EUROPEAN COURT OF HUMAN RIGHTS
CASE OF DANILENKOV AND OTHERS v. RUSSIA
(Application No. 67336/01)
*This judgment will become final in the circumstances set out in Article 44 § 2 of the Convention. It may be subject to editorial revision.
In the case of Danilenkov and Others v. Russia,
The European Court of Human Rights (Fifth Section), sitting as a Chamber composed of:
Rait Maruste, President,
*Здесь и далее по тексту слова на национальном языке набраны латинским шрифтом и выделены фигурными скобками.
Zdravka Kalaydjieva, judges,
and Stephen Phillips, Deputy Section Registrar,
Having deliberated in private on 14 April and 7 July 2009,
Delivers the following judgment, which was adopted on the last-mentioned date:
1. The case originated in an application (No. 67336/01) against the Russian Federation lodged with the Court under Article 34 of the Convention for the Protection of Human Rights and Fundamental Freedoms ("the Convention") by thirty-two Russian nationals, listed below ("the applicants"), on 9 February 2001. All the applicants are members of the Kaliningrad branch of the Dockers' Union of Russia ("the DUR").
2. The applicants, who had been granted legal aid, were represented by Mr M. Chesalin, Chairman of the DUR in Kaliningrad seaport. The Russian Government ("the Government") were represented successively by Mr P. Laptev and Mrs V. Milinchuk, former Representatives of the Russian Federation at the European Court of Human Rights.
3. The applicants alleged, in particular, that their rights to freedom of association and freedom from discrimination had been breached and that they had not had effective domestic remedies in respect of their discrimination complaint.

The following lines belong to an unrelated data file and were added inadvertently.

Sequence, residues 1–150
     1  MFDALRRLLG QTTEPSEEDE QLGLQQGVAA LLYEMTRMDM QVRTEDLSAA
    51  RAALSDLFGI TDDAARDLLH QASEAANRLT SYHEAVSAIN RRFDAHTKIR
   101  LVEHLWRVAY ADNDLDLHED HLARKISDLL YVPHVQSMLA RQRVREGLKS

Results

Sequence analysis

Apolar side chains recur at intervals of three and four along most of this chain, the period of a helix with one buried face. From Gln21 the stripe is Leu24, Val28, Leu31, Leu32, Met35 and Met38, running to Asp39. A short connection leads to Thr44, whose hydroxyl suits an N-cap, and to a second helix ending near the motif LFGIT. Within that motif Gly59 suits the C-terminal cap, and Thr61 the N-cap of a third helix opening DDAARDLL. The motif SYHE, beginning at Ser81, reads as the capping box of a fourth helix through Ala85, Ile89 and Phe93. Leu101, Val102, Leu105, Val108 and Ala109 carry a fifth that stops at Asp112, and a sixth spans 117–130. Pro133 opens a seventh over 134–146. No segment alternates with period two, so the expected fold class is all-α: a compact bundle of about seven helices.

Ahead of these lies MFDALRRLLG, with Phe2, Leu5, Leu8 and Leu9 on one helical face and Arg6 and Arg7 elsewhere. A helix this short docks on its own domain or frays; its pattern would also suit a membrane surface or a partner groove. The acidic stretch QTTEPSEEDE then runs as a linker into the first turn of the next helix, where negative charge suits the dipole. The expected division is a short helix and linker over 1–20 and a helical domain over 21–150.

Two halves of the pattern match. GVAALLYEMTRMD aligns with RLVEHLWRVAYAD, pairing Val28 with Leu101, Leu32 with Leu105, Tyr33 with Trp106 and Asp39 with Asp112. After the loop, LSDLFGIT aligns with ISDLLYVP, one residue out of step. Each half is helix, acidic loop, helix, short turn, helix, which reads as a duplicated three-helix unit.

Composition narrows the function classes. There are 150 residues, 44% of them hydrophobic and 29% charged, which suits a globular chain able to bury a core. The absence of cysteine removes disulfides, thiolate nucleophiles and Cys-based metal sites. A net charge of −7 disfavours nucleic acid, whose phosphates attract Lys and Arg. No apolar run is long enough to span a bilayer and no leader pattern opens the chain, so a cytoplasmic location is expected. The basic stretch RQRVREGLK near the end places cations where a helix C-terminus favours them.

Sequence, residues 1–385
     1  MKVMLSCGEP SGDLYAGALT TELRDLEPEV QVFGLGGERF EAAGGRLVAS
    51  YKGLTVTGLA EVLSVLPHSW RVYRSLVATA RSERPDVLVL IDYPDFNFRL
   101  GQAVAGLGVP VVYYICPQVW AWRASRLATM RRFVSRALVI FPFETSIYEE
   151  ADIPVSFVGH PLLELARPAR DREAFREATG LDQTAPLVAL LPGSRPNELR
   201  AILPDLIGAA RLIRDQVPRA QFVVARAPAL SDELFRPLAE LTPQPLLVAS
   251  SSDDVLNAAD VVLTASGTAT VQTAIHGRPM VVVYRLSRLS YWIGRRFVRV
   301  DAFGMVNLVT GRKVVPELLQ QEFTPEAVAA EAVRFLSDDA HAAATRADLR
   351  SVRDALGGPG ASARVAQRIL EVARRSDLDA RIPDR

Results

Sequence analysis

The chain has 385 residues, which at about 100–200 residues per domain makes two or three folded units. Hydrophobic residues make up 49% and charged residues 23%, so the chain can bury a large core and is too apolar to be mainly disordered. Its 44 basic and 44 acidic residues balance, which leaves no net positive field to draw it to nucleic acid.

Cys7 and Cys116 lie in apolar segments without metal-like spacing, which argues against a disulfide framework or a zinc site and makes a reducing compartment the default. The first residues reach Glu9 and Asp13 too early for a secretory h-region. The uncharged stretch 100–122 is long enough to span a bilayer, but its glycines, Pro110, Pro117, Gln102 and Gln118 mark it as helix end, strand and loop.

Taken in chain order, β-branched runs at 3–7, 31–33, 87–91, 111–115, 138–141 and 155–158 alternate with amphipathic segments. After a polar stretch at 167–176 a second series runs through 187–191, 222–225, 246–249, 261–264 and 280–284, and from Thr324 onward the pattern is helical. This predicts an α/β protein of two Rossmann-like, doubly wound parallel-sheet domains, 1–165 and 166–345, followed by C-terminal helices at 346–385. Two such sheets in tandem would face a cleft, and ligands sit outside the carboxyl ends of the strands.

4. On 19 October 2004 the application was declared admissible.
5. The applicants and the Government each filed observations on the merits (Rule 59 § 1). The Court decided, after consulting the parties, that no hearing on the merits was required (Rule 59 § 3 in fine).
I. The circumstances of the case
6. The applicants are:
(1) Mr Sergey Nikolayevich Danilenkov, born in 1965;
(2) Mr Vladimir Mikhaylovich Sinyakov, born in 1948;
(3) Mr Boris Pavlovich Soshnikov, born in 1951;
(4) Mr Anatoliy Nikolayevich Kasyanov, born in 1958;
(5) Mr Viktor Mikhaylovich Morozov, born in 1947;
(6) Mr Anatoliy Yegorovich Troynikov, born in 1947;
(7) Mr Dmitriy Yuryevich Korzhachkin, born in 1969;
(8) Mr Yuriy Ivanovich Zharkikh, born in 1970;
(9) Mr Anatoliy Ivanovich Kiselev, born in 1949;
(10) Mr Yuriy Anatolyevich Bychkov, born in 1969;
(11) Mr Aleksandr Igorevich Pushkarev, born in 1961;
(12) Mr Gennadiy Ivanovich Silvanovich, born in 1960;
(13) Mr Ivan Vasilyevich Oksenchuk, born in 1946;
(14) Mr Gennadiy Adamovich Kalchevskiy, born in 1957;
(15) Mr Aleksandr Ivanovich Dolgalev, born in 1957;
(16) Mr Vladimir Fedorovich Grabchuk, born in 1956;